Since the 13th century, when people first started roasting coffee beans and consuming coffee in a manner that is strikingly similar to how it is done today, people have been drinking coffee. By the late 1800s, coffee had gained popularity all over the world, and in modern times, approximately 2.25 billion cups of coffee are consumed every single day all over the world. That’s a whole lot of coffee right there! In addition to this, PBS reports that it is the world’s second most valuable commodity that can be bought and sold legitimately. 

It is impossible to deny its widespread appeal of it. In addition time, various societies and areas prepare the beverage in a variety of distinct ways, and when it comes to drinking it, people follow a wide variety of traditions and rituals. These are a few of the intriguing customs that people follow and the different ways they make their coffee. 


According to the blog run by the company that produces Solis utensils, Mexico is among the leading coffee manufacturers in the world and is responsible for producing approximately 60% of the world’s coffee. Coffee prepared in the traditional manner is known as “Cafe de Olla” and is presented in a clay pot. The coffee is darkly roasted. Extra flavoring is typically provided by the locals by means of raw brown sugar cane, cacao, and occasionally a stick of cinnamon. According to Newsweek, the beverage was first infused during the time of the Mexican Revolution, which began four years before the beginning of the First World War, with the intention of improving the disposition and mental state of the soldiers. 


According to Italy Food lovers, an Italian food website, the coffee market in Italy stretches back to the 1500s and has played a significant role in the country’s way of life since that time. Coffee breaks are a staple in the Italian workday, and it’s widely acknowledged that drinking coffee is inherently a social activity. It’s a chance for coworkers, friends, and even random people to catch up, relax, and enjoy each other’s company over a warm beverage.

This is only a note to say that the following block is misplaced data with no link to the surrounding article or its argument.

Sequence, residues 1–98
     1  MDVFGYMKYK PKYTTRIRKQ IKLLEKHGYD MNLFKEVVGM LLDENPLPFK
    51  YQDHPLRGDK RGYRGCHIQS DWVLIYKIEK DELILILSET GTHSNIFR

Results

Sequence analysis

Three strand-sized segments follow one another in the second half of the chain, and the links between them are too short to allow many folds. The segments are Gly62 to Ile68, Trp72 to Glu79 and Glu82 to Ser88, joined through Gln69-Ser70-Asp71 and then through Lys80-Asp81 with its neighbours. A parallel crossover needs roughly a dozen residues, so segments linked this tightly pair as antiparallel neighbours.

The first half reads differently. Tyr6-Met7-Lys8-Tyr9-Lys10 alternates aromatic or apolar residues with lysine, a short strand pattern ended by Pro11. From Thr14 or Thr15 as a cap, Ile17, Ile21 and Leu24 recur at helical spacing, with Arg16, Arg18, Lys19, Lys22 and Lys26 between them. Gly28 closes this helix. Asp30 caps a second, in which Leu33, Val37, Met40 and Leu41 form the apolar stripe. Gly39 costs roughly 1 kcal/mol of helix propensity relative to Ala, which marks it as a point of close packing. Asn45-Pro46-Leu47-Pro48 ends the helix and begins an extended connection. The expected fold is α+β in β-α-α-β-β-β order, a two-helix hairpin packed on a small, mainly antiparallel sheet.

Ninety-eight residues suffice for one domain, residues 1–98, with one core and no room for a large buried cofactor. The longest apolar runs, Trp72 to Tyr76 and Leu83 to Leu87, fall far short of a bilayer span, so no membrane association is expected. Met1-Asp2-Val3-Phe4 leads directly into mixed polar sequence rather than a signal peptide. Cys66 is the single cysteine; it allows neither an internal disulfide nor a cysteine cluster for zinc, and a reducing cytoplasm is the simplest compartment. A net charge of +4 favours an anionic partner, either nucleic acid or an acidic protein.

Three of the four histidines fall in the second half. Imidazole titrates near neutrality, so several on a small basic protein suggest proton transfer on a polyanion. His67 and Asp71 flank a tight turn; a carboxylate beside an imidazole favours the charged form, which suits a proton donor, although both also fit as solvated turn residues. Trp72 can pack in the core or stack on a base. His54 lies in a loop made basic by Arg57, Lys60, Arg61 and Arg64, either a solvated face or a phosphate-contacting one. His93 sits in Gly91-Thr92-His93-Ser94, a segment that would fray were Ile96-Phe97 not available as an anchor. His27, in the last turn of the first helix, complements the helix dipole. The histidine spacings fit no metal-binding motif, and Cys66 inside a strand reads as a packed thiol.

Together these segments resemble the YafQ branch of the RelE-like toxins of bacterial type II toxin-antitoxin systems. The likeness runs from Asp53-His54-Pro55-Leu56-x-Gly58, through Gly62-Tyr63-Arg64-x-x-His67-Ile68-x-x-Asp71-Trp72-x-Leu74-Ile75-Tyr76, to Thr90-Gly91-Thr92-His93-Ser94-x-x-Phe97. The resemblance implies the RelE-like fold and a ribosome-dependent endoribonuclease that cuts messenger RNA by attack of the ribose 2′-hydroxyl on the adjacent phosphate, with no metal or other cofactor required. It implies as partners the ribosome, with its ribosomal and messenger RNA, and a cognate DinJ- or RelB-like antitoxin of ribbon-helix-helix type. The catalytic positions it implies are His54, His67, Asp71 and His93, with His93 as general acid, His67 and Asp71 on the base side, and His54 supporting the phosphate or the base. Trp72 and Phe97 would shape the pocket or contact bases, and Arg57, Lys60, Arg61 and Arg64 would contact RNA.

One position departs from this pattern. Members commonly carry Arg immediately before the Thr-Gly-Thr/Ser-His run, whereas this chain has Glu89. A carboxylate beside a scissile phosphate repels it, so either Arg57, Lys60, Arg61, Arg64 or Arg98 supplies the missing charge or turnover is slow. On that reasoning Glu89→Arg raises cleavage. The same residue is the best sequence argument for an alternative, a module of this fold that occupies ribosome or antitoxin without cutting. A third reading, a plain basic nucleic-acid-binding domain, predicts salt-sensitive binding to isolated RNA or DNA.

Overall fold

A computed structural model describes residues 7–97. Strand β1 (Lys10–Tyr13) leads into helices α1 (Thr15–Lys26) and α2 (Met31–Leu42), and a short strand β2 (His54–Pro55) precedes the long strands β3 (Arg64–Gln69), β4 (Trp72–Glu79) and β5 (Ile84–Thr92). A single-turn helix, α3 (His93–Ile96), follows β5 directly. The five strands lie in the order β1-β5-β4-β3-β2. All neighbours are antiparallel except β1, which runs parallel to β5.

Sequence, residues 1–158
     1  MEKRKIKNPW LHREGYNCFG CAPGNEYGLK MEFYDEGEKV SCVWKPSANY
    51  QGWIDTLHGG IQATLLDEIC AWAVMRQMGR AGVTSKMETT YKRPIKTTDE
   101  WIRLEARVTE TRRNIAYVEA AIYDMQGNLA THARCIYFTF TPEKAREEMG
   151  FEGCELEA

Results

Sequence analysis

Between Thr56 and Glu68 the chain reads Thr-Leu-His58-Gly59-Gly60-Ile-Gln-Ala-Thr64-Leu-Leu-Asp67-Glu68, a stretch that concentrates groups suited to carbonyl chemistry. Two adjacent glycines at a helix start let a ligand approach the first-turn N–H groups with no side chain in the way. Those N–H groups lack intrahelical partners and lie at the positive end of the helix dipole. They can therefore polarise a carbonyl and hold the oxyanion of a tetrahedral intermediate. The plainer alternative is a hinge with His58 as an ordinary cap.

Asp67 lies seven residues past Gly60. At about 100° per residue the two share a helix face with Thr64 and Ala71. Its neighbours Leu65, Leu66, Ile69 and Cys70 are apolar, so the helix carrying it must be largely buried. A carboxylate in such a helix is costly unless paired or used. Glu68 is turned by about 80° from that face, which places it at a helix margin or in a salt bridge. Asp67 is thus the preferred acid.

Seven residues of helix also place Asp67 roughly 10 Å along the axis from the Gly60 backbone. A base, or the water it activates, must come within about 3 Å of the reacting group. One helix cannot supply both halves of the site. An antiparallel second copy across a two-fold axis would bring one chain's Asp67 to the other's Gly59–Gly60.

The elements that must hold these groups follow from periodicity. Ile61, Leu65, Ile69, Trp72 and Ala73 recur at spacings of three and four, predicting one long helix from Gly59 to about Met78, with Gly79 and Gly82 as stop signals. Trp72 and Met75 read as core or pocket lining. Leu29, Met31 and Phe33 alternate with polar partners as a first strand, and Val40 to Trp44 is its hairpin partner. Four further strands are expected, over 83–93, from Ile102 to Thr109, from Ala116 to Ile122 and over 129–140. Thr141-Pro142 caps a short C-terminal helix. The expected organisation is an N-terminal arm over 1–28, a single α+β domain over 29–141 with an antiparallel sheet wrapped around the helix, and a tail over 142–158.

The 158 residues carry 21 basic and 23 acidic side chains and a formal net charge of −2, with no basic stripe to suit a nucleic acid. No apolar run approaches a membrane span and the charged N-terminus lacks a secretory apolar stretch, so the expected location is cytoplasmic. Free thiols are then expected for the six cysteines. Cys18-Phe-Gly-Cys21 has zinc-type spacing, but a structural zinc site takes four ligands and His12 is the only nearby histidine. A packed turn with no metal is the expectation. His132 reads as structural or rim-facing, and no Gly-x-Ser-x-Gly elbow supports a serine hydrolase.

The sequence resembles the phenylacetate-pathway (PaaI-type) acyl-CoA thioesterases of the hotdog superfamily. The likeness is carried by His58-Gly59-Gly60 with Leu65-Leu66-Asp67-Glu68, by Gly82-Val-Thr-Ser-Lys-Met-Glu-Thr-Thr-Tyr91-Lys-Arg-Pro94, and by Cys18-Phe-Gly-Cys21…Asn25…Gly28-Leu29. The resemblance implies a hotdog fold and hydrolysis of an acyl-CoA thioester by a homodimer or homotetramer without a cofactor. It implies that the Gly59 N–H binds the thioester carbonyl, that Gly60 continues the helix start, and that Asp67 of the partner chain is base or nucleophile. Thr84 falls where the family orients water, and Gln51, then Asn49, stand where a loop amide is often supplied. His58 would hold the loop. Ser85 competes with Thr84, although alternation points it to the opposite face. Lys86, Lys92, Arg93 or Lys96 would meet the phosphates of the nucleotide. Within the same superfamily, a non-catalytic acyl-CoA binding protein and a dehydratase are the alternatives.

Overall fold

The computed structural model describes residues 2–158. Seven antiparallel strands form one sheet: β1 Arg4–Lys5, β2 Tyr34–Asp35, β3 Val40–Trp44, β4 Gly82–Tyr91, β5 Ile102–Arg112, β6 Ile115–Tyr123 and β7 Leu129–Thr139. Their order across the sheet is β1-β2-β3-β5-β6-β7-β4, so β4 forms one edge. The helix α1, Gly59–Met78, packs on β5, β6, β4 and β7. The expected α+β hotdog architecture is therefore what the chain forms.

Typically, it is taken in the form of an espresso and is imbibed in compact glasses while the customer remains stationary in front of the bar for a few moments. Even though there are many variations of Italian coffee, customers are discouraged from ordering things like an Americano or a cappuccino because these beverages are thought to be too heavy and bad for digestion, particularly in the afternoon. However, tourists have a much better chance of getting away with it. 


It’s no secret that Finns love their coffee, but their devotion to the beverage is legendary. Even a business that uses used ground coffee to create sneakers has been established in this nation. A short time ago, Finland held the title of being the country that consumes the most coffee per region in the world. However, in the year 2020, the Netherlands will overtake Finland and take the top spot. According to the Coffee and Affection blog, a survey that was carried out by Statista in that year revealed that the average annual consumption of coffee by a Finn was an astounding 17 pounds. 

Coffee is consumed in Finland at an average rate of 8–9 cups per day, and this number accounts for both hot and cold brews of the beverage. The beverage is also incorporated into a variety of baked goods, confections, and recipes. This beverage is essential to the success of social get-togethers and events of any kind, and quaint coffee shops can be discovered all over the country. 

In spite of the fact that the majority of coffee is consumed in the traditional manner and prepared with drip coffee makers, the Scandinavian kaffeost, in which cheese is added to coffee, is a popular choice.  According to Newsweek, it is assembled by serving coffee over a portion of dried cheese, which allows the beverage to become milky as the cheese absorbs the coffee and enables it to soak. 


Burning, astringent, brisk, and brief. According to the newspaper Havana Times, this is how Cubans prefer their coffee. Before the coffee pot was created, coffee was purified with sugar using a type of sieve made from fabric. In today’s society, coffee is filtered without sugar with more advanced processes than ever before. 

Cuba is an island nation with a long and illustrious history of specialty coffee. It can be found everywhere. Although Cubans are not focused on instant coffee, Cappuccinos, or black coffee, as they prefer the real stuff, “un cafecito” will almost certainly be provided to anyone visiting a friend’s house, no matter what time of day or night it is. This is the case regardless of whether the friend is awake or asleep. 


According to the Indian Express, Ethiopia is home to some of the world’s most elaborate coffee ceremonies. Traditional events in Ethiopia typically last a few hours and are a crucial part of the culture as well as the social activities of the country. These traditional events are directed by young women wearing traditional Ethiopian outfits. 

In a nation that is the motherland of the Arabica coffee plant and that has proclaimed the drink to be its national one, the women roast coffee beans in a pan over a coal oven, crush the beans, and then mix the coffee grounds in a special clay pot called a “Jebena”.  According to their custom, once the coffee has been prepared to be consumed and is able to be served, the ceremony is concluded by the youngest child bringing the first cup of coffee to the person in attendance who is the oldest.